How Progressives Can Become Grover's Worst Nightmare: Get Serious About Tackling The Debt

I started my political activism in the presidential campaign of Gov. Howard Dean back in 2003. I was most impressed with Dr. Dean for two reasons: his actions as governor to deliver universal health care to Vermont's children, and his insistence that budgets be balanced. He balanced 11 budgets as governor, even though there is no such requirement for the Vermont governor to do so. When he balanced these budgets, Gov. Dean was often derided by the state's liberal elite as a sellout, a Democrat in Name Only, and a Republican in Democratic clothing.

Regardless, Gov. Dean's progressive initiatives like health care reform in his state were successful in large part on the strengths of his fiscal responsibility. When Gov. Dean made Medicaid into a middle class entitlement in his state, it was a hard charge to make that this fiscal hawk was about to take the state down a spending binge.

President Obama has often echoed this sentiment in explaining why progressives need to be concerned about the national debt. One of the best examples is the president's continuous reminder to the progressive movement that in order to govern effectively and invest properly in our future, we must show the American people that we are good stewards of taxpayer dollars. There's a reason the Republican lexicon is full of 'tax and spend' - by that, they wish to convince the American people that taxes are bad things that the government simply wastes.

But perhaps a far greater motivator for progressives to care about the debt is this number: $3,890,284,438,519.47. That is the total amount of interest we have paid on our federal debt in the last 10 years. Just interest. $4 trillion. Funny how the grand bargain being talked about would achieve almost exactly this amount in deficit reduction over the exact same amount of time, don't you think?

I am not about to argue that our debt will suddenly crank up our interest rate; although many economists have made that argument, I think in this instance Paul Krugman is right. But while a rising debt probably won't affect the government's ability to borrow money right now, it may well have an adverse effect on the rest of us. As more and more of the money available to be lent out goes to finance our debt, there is less of it available for small business loans and other private loans (such as mortgage or car loans). That may well increase the borrowing rates for small businesses and individuals.

But the problem with the debt isn't the interest rate. It's waste. In the last 10-year budget window, we threw away $4 trillion not to invest in public schools or roads, not to feed the hungry, clothe the naked or house the homeless, not to provide medical care to the sick, not to care for the elderly, hell, not even to actually reduce the principal amount of our debt. We paid $4 trillion just on interest.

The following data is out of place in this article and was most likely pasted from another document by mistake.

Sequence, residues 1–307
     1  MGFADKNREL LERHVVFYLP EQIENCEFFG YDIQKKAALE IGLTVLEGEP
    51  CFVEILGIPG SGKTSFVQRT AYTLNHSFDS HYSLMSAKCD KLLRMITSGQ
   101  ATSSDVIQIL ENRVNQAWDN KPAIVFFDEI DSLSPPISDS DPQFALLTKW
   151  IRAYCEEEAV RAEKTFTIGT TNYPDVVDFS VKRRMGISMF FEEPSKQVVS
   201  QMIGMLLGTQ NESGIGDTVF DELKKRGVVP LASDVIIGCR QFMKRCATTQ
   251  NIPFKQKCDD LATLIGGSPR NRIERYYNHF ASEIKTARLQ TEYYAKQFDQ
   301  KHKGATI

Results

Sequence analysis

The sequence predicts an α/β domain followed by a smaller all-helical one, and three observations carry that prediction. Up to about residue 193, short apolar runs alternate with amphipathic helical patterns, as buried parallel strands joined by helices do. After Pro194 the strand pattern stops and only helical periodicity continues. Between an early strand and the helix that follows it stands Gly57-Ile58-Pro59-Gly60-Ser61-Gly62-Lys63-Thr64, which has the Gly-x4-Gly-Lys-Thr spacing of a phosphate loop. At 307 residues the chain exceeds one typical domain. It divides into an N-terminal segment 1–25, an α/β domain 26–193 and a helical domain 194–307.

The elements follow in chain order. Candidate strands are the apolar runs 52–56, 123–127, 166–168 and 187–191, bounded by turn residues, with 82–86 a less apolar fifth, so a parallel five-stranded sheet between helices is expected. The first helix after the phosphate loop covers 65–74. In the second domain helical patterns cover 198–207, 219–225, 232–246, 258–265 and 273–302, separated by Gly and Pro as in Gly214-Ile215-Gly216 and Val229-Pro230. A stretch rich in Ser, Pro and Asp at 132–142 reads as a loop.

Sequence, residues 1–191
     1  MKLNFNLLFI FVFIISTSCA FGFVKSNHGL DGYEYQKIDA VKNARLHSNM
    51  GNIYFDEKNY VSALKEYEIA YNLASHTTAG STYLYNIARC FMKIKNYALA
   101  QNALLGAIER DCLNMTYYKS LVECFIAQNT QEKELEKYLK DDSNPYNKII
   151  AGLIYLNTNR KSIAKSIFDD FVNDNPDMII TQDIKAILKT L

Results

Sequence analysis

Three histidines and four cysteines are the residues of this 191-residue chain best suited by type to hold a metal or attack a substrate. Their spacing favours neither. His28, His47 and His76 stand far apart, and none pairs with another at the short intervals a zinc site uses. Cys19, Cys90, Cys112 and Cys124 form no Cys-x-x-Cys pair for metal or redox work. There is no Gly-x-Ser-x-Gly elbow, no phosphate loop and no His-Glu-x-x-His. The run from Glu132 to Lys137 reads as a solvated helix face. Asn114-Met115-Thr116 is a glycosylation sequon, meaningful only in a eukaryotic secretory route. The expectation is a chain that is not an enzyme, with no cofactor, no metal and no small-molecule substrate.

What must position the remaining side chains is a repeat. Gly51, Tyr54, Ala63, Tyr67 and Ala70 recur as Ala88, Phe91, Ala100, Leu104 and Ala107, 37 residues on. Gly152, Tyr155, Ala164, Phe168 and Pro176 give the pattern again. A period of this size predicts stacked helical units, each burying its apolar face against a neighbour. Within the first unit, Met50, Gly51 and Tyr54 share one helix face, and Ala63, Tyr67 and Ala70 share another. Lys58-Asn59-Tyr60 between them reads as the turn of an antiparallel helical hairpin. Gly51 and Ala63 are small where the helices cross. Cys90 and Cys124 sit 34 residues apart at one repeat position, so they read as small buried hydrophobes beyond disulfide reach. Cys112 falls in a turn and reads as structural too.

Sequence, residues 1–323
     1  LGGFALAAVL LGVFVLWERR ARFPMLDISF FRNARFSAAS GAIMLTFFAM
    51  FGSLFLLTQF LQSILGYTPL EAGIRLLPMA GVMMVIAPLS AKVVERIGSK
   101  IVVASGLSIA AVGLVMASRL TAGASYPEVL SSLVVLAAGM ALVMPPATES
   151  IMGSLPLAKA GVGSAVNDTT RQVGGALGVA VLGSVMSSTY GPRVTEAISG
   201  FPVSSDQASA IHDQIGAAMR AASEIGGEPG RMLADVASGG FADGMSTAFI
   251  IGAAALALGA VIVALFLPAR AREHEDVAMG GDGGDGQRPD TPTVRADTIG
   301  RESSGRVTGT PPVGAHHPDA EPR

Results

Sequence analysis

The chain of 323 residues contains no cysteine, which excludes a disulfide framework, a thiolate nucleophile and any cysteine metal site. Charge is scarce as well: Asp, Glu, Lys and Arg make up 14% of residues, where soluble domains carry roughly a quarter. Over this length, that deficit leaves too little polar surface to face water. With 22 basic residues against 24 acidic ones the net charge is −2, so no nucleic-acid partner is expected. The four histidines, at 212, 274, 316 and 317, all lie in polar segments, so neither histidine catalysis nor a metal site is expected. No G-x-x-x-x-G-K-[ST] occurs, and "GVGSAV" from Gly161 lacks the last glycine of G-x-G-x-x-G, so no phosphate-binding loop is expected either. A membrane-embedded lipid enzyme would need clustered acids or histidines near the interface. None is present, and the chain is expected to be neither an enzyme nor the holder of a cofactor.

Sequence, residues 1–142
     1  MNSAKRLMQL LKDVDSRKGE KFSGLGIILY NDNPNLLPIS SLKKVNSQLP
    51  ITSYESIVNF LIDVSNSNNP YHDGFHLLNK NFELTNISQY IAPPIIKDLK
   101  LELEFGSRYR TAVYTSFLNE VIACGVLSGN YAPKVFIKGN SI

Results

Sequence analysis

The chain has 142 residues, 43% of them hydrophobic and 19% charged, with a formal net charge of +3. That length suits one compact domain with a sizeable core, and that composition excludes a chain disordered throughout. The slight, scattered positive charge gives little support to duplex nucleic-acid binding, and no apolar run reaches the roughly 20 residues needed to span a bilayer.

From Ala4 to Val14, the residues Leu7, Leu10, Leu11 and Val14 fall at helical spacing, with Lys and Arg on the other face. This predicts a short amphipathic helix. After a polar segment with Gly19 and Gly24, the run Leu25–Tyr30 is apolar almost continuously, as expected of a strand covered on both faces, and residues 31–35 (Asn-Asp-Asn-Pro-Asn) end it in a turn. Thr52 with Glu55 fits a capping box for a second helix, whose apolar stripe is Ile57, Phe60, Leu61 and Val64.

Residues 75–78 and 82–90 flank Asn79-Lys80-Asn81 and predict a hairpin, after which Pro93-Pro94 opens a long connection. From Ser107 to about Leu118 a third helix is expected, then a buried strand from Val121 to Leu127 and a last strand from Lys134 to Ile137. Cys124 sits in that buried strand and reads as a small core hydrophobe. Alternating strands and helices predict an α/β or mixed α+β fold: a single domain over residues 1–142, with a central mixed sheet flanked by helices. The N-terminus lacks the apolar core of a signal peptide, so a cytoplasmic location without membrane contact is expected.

What progressive would like to argue that we couldn't find a better use for that $4 trillion? More student aid, more broadband, more investment in education and infrastructure and in science and technology, more economic stimulus. I could go on adding to the list, but I think the point is made. I am not trying to claim that we can or should eliminate all our debt tomorrow, but it is incumbent upon those of us claim to have the interests of a just society in our hearts to look at the national debt when we are pissing away nearly $400 billion a year on average on just paying interest on the debt.

Sure, the Republican right uses the debt debate to try to suck dry every program that benefits anyone but the super rich. But they don't 'use' it simply as a rhetorical weapon. They use it as a real weapon. When in power, they increase the debt, so that later they can cut crucial programs in the name of reducing it. For them, it's always providing an answer to a self-inflicted problem, and it's a pretty good gig if you can get it. But just because the problem is self-inflicted does not mean it isn't real. It's real when besides the defense budget, the interest on our debt alone is dwarfing very single other item of the discretionary budget.

There's a prevailing wisdom in the liberal intelligentia that right now, we must focus on boosting the economy and creating more jobs instead of the deficit. I agree with the first part of it. If we were only able to do one thing at a time, there is no doubt that jobs and the economy should be our first priority. But the truth is that the debt can be tackled simultaneously while boosting job creation. The debt has a direct impact on how much we are able to spend on programs to train our workforce for the jobs of modern industries, as every dollar spent in interest is a dollar we cannot spend on job training or financial aid, or unemployment benefits. We need to rise above the false choice that we must either create job or reduce the deficit, and understand that we can, and must do both.

So if we begin acting on the debt today, and begin to bring down the deficit now (which President Obama has been doing to the best of his ability, but he needs Congress to help), we won't simply be looking at a future where we waste less of our taxpayer dollars paying interest on the debt. We will be looking at a federal government more capable of strengthening the social contract, investing in our people and our infrastructure, and providing a hand up to those who need it.

The ballooning debt is a right wing weapon to drown the federal government (and the good that it does) in the bathtub. It's Grover Norquist's wet dream. It's all well and good that Norquist is being seen as the pariah as we are trying to solve the fiscal cliff. But you want to really end Norquist's (and his ilk's) rein on what progressives see as a more just, fairer society for good? Start taking care of the debt.